Porter County Animal Shelter


Valparaiso, Indiana

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About Porter County Animal Shelter

Porter County Animal Shelter’s mission is to reduce animal homelessness and pet overpopulation. As a no-kill shelter, they look to rehabilitate and treat every animal in their care and to prevent abandonment though several community-focused services. Their aim is to let new adopters, pet owners, and citizens know that the end to animal cruelty starts at home.

With a brand new facility that opened its doors in June 2017, Porter County Animal Shelter’s adoption programs help fight irresponsible breeding. Spaying/neutering at the shelter prevents numerous diseases while helping to control rampant breeding that results in overpopulation

Adoption saves lives and gives both animals and humans a chance to find joy. Animal companionship has been proven to help fight several illnesses such as high blood pressure, depression, PTSD, and heart disease by increasing both your daily exercise and SPD (that's smiles per day).

Contact Info

Address:
3355 Bertholet Blvd
,
Valparaiso
,
IN
46383
Phone:
(219) 465-3550
Email:
Not provided

Hours of Operation

Tue - Fri: 12:00 pm - 5:00 pm
Sat - Sun: 12:00 pm - 4:00 pm
Mon: Closed

Adoption Process

Looking to adopt from Porter County Animal Shelter? Here’s what you should do:

  1. Start by selecting a pet and completing the adoption application.
  2. Approved applications will be held for up to 6 months but animals won’t be held indefinitely, so it’s highly recommended that you stay on track with the process to adopt the particular pet you're interested in.
  3. Before your application is approved, you can visit the shelter for a meet-and-greet with your future pet! Bring your family and other animals so they can all bond with the new pet and participate in this important moment.
  4. If you want to stay on-track with the adoption, Port County Animal Shelter will continue to process your paperwork, which can take up to 3 days to review thoroughly. Though frustrating when all you want to do is get that lovable furball home, this is an important step for both your happiness and the animal's welfare.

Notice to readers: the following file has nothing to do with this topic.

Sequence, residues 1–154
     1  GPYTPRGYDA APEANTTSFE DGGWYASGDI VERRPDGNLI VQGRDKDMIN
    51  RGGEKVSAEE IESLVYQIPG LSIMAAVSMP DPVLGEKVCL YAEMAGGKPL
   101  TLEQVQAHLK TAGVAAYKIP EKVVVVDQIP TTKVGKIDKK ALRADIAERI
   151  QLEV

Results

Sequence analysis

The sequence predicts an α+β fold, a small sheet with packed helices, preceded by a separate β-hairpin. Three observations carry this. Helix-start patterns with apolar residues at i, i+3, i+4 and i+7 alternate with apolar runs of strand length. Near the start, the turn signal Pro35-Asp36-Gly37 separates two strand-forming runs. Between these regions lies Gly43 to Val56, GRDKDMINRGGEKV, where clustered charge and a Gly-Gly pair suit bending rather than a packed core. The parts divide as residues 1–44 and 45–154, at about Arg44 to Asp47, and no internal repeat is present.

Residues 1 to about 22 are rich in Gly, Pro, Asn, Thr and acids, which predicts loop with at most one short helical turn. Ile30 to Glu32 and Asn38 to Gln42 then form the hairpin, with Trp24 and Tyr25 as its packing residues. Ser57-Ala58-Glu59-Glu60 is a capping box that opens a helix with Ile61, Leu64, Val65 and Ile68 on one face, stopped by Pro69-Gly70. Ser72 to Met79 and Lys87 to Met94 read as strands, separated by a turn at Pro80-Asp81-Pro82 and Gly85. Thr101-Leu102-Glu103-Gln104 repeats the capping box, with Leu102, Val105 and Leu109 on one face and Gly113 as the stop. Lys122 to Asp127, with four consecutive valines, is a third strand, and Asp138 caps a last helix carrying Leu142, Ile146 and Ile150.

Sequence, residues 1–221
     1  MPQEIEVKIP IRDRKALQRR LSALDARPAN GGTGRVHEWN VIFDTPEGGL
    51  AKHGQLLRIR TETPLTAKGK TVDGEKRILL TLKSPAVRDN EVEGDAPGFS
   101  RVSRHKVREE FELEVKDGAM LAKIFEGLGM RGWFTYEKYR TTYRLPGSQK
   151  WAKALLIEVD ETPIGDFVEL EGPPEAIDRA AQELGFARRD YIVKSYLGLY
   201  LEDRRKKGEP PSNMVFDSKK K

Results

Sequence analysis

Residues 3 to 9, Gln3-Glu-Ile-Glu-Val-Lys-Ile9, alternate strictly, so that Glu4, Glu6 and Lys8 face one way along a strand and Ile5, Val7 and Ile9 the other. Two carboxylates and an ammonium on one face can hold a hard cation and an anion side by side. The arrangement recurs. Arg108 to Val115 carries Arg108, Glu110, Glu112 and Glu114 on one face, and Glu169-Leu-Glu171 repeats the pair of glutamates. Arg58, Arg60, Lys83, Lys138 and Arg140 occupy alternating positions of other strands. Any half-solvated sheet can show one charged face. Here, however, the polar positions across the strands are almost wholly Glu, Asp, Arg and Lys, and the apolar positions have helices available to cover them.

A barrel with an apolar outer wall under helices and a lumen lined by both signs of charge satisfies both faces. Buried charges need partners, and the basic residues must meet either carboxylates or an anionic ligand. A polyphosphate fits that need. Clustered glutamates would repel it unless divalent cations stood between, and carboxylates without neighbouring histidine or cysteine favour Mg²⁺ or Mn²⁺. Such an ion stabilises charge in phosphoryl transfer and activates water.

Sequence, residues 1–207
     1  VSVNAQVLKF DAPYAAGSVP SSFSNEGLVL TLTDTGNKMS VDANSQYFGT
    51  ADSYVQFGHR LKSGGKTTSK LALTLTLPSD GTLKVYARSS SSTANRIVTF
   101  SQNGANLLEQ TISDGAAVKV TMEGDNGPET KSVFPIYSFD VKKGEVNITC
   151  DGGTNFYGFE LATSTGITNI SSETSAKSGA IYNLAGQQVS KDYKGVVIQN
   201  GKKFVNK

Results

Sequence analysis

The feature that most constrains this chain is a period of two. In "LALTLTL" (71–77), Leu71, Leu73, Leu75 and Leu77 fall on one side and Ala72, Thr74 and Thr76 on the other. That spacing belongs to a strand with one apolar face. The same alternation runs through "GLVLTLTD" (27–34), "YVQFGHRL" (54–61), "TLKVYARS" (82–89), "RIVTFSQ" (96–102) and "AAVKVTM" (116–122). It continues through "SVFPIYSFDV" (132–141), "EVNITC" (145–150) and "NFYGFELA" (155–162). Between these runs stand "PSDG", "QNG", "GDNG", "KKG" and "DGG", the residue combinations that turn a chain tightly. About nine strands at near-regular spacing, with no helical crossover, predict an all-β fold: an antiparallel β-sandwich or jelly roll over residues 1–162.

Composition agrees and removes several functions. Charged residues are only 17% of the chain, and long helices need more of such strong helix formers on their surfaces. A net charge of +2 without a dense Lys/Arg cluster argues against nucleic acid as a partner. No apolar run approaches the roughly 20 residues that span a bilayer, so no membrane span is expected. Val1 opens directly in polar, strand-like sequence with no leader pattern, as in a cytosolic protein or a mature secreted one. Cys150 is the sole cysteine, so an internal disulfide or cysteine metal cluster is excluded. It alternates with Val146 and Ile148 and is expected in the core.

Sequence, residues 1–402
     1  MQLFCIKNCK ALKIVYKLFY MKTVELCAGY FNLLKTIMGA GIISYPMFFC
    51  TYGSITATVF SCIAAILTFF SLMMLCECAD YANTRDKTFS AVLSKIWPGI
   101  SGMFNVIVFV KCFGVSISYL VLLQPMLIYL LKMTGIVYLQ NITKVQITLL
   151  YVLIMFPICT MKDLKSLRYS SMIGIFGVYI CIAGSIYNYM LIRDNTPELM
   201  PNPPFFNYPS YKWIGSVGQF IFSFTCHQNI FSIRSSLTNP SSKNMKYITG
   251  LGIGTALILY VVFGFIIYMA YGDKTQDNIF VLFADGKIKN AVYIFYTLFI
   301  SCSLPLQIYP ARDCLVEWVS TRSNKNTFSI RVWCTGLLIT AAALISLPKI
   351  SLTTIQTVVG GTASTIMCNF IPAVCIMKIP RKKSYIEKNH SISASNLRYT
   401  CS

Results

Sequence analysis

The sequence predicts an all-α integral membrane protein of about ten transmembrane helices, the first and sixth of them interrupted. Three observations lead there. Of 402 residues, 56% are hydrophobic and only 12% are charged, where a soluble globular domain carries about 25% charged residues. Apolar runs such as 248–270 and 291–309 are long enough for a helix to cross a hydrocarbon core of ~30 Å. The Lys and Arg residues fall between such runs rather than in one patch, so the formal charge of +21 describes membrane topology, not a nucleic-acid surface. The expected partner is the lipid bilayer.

5. If approved, it's time to sign the adoption agreement, pay the fee, and take your new pet home.

One week after the adoption, you need to take your new pet wellness check and provide the shelter with the results.

As part of the adoption process, Porter County Animal Shelter reserves the right to visit your pet’s new residence to check the conditions and treatment it may be receiving.

Adoption applications are located here:

Adoption Fees

Adoption fees at Porter County Animal Shelter are as follows:

  • Dogs: $100
  • Cats: $50
  • Other Animals: $25
  • Seniors for Seniors: Waived
  • Pets for Vets: Waived

Your adoption fee covers spaying/neutering, age-appropriate vaccinations, deworming, microchipping, flea control, and a general physical examination.

Adoption Process & Fees

Our writing team is hard at work researching this shelter's adoption process and fees, so this page will be updated soon!

In the meantime, here's some nice-to-know info that applies to nearly every animal shelter, humane society, and rescue.

Why Rescue A Shelter Dog?

Because shelter dogs are full of love!

Is it because they know you saved them and love you harder for it?

I can't say for certain, but yes.

Jokes aside, there are three things all shelter dogs need to thrive in their new home:

  1. Love
  2. Patient
  3. Training

Older shelter dogs, generally 1+ years old, may have experienced a lot of trauma, which often results in one of 8 common behavioral issues:

  1. Anxiety
  2. Aggression toward people & pets
  3. Resource guarding
  4. Destructive behavior
  5. Housetraining regression
  6. Poor social skills
  7. Leash reactivity & barrier-related aggression
  8. Constant whining

These issues are correctable! Your dog isn't broken, they're just damaged. You can fix them with enough love, patience, and a good training plan.

During the COVID-19 pandemic, finding good dog trainers can be hard. Like everything else, dog training is moving only. but there are great online dog trainers that are proven to work and can help get your new pup on the right path.

Animal Shelter vs Humane Society vs Rescue: What's the Difference?

You can learn a lot about an animal welfare organization just by looking at their name.

Animal Shelters

  • Most Animal Shelters are city or county-run organizations, often operated by the local Animal Control department, that manage strays and handle owner surrenders.